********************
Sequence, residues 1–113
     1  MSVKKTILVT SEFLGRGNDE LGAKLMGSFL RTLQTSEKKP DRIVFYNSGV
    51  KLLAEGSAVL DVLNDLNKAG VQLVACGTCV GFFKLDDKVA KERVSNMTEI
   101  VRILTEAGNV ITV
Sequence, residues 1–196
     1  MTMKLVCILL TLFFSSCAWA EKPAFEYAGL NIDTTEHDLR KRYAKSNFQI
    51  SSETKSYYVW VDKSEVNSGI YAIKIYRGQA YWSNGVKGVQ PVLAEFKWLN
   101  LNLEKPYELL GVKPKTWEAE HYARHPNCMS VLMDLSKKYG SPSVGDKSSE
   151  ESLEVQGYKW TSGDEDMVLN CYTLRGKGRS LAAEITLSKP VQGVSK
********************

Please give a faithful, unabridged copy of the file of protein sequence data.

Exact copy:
Sequence, residues 1–113
     1  MSVKKTILVT SEFLGRGNDE LGAKLMGSFL RTLQTSEKKP DRIVFYNSGV
    51  KLLAEGSAVL DVLNDLNKAG VQLVACGTCV GFFKLDDKVA KERVSNMTEI
   101  VRILTEAGNV ITV
Sequence, residues 1–196
     1  MTMKLVCILL TLFFSSCAWA EKPAFEYAGL NIDTTEHDLR KRYAKSNFQI
    51  SSETKSYYVW VDKSEVNSGI YAIKIYRGQA YWSNGVKGVQ PVLAEFKWLN
   101  LNLEKPYELL GVKPKTWEAE HYARHPNCMS VLMDLSKKYG SPSVGDKSSE
   151  ESLEVQGYKW TSGDEDMVLN CYTLRGKGRS LAAEITLSKP VQGVSK